I’m reading through the Interoperable HTML Parsing in IE9 blog post on MSDN and there are some nice, and some not so nice things.
The following are some subjects talked about, and what it means for us web developers.
The full support of “generic elements” is fantastic for us HTML5 web developers. We can finally use some of the newer tags not actually defined yet (although they will probably be defined in the HTML5 engine, but we have been forbidden from using non standard tags in IE without hacks).
Great news, about damn time. I never understood the big harm in supporting generic tag elements.
Uh oh. Microsoft is changing the way whitespace is handled in the DOM. The huge impact is if there is code out there that assumes “firstChild” and other such navigations will go to an element, we are in for trouble. I’m sure Microsoft has a good reason for this, but it annoys me at first glance.
Microsoft does provide a function “firstElementChild” to always grab a child, instead of a newline or tab character. That’s great, but we have been using firstChild for a while, why can’t they make changes like this mapped to new functions instead of taking over existing ones.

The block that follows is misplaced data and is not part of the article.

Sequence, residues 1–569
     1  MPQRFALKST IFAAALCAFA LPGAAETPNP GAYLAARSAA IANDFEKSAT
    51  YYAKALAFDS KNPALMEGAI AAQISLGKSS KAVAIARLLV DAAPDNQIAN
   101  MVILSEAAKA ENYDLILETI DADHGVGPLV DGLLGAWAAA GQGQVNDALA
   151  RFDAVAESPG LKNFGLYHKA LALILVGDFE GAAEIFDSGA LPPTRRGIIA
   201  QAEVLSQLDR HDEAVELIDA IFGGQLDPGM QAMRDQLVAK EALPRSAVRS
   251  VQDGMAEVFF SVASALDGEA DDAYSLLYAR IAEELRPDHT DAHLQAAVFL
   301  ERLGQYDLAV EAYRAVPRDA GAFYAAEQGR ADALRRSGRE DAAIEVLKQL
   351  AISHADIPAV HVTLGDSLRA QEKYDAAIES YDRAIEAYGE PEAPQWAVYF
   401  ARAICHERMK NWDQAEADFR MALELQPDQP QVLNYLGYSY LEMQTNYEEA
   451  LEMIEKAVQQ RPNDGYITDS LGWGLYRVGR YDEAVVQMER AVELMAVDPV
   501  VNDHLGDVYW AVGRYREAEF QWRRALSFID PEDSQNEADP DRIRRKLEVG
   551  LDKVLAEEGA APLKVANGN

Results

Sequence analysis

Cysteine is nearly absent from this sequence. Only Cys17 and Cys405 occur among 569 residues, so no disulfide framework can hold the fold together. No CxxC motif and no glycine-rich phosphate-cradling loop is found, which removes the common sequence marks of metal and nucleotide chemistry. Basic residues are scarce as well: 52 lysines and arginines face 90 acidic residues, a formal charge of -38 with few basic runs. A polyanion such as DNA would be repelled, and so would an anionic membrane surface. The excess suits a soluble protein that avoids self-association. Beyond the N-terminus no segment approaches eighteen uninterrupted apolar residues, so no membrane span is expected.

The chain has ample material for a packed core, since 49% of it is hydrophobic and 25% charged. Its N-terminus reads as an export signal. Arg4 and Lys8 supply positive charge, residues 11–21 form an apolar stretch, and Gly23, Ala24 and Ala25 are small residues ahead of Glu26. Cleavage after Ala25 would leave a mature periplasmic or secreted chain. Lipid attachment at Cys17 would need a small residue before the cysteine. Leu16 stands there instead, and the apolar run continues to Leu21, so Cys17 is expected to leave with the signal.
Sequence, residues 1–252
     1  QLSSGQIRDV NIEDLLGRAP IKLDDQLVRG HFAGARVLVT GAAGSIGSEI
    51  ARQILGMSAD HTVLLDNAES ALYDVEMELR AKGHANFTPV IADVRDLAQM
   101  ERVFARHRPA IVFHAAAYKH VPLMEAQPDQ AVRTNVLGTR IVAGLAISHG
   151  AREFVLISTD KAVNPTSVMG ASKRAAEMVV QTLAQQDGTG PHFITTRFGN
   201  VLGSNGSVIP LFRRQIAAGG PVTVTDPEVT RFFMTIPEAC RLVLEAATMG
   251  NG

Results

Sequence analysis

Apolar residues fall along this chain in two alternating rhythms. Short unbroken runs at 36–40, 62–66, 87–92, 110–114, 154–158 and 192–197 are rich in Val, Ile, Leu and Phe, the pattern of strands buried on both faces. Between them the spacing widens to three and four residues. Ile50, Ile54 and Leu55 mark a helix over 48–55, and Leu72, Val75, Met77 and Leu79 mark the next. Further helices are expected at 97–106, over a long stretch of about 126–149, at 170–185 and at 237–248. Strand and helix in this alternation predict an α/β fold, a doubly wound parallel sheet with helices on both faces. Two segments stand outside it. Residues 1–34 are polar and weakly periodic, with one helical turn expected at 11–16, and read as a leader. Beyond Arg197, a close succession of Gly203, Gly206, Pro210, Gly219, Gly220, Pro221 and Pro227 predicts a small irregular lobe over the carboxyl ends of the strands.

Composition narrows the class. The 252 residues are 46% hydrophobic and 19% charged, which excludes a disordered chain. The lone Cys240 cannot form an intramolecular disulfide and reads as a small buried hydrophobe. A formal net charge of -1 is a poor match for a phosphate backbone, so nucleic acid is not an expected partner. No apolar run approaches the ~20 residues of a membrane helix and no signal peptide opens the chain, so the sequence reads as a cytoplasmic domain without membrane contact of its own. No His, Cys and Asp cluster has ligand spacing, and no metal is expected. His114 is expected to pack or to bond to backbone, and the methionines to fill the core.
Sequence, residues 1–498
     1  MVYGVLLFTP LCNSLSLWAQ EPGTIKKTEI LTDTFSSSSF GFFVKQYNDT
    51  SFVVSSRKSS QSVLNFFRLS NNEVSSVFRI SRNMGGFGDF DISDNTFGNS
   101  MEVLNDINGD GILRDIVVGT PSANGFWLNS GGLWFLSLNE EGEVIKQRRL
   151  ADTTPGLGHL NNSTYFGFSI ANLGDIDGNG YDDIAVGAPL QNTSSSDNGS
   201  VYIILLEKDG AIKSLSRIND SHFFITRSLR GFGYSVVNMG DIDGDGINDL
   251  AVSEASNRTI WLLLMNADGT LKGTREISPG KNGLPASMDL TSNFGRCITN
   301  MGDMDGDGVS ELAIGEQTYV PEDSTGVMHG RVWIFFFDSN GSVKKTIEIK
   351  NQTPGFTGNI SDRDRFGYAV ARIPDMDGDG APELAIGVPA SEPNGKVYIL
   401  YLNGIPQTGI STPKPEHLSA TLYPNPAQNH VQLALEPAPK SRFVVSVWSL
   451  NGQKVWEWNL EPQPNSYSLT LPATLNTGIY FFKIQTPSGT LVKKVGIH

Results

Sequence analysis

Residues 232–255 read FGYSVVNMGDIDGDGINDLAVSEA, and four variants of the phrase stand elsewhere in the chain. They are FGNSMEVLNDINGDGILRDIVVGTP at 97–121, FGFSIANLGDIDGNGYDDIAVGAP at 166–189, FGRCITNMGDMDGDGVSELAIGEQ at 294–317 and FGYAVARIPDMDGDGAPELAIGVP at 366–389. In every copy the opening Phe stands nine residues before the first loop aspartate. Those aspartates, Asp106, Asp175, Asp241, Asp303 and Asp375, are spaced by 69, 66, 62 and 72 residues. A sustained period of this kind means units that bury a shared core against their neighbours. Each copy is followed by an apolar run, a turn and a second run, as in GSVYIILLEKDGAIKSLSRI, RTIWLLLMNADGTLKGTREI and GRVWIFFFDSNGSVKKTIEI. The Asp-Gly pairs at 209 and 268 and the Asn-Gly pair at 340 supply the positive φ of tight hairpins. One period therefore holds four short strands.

I finally understand why I would see code appear twice in some locations in IE only. The way IE8 handles overlapping tags.
Looks like IE9’s handling over overlapping tags is going in line with the way Chrome, and other browsers handle it. Yay!
Some useful tidbits to keep in mind when working with your web applications that will be launching in the near future. IE9 shouldn’t be far away. I’m already seeing visitors to my site using IE9 (albeit only 0.24% of all IE browsers, which are 18% of my overall traffic — thats 0.043% of my overall traffic).